Just when I thought I’d figured it all out, comes shit like this:
‘They are the sort of equations that arise when you try to study something that evolves in time but also depends on space.
‘For example, like the wind in a wind tunnel you want to model the flow of air then that of course depends on time because it changes over time but it also depends on space – the velocity of the air is different at different points in the wind tunnel.
‘So if you have a system like this which furthermore evolves under the influence of randomness.
‘So if you have randomness that enters the game then that’s described by stochastic partial differential equation.’
I used to work with people like this when designing predictive algorithms, and I would place bets with myself as to how long (measured in seconds) it would take before I lost track of the conversation completely and the speech became unintelligible. Usually, it was about twenty seconds.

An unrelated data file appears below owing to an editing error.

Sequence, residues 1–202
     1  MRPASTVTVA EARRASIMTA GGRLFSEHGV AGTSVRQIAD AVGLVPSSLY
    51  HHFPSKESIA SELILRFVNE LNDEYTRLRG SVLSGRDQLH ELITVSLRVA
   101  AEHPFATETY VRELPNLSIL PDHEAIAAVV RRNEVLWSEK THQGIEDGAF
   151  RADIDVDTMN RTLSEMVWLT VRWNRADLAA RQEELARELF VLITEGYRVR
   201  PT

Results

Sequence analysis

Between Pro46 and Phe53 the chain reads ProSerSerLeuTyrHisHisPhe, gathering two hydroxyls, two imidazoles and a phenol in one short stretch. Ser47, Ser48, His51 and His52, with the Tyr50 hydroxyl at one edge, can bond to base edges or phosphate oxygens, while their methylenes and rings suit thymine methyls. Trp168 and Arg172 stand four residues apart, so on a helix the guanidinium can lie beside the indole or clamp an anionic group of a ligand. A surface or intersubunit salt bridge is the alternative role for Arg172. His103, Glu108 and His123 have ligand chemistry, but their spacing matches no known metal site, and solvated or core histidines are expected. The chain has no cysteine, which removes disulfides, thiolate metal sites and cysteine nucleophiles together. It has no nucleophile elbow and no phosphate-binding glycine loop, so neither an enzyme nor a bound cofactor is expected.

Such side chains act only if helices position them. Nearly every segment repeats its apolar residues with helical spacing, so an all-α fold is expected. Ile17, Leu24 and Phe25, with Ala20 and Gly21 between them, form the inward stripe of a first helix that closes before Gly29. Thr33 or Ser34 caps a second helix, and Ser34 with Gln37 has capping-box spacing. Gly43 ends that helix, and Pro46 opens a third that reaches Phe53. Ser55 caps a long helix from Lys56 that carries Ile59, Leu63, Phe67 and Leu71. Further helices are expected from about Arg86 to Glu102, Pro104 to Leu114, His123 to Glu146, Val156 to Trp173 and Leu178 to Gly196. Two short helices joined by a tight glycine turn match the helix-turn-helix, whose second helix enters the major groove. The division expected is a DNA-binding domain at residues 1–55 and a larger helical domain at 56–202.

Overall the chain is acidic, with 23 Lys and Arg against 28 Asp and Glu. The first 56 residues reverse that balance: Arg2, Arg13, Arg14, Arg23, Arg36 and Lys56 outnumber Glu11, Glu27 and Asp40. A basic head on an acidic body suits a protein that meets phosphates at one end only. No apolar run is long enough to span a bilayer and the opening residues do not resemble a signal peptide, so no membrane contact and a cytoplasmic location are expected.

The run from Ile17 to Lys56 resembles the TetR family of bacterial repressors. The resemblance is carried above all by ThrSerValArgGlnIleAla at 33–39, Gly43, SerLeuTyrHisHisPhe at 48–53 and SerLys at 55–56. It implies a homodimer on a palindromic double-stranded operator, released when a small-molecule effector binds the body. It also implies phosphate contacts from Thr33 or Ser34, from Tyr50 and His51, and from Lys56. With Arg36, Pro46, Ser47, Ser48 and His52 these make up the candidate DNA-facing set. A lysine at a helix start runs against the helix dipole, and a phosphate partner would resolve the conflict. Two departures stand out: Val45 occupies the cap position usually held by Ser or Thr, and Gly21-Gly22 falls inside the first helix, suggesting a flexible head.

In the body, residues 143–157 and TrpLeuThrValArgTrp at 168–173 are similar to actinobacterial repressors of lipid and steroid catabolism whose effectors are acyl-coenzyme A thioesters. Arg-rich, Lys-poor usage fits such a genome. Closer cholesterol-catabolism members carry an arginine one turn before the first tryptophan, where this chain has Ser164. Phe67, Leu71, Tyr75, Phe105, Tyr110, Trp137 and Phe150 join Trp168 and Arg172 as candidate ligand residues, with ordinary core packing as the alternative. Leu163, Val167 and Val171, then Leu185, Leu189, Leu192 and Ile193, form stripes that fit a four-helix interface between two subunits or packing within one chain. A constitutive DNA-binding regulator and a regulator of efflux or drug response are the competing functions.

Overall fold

It gets worse. The reason I used “20 seconds” in the above sentence is because I actually kept count, over the year’s worth of discussions and meetings, of the times. Then I created a distribution chart — bell-shaped, of course, with the most common incidence around 20.
Yeah, I was a fucking geek, too. Just a much more limited one.
By the way, if you read the article — and you should — there’s a glaring (but non-mathematical) error. Call it the Obama Fallacy, and see if you can spot it.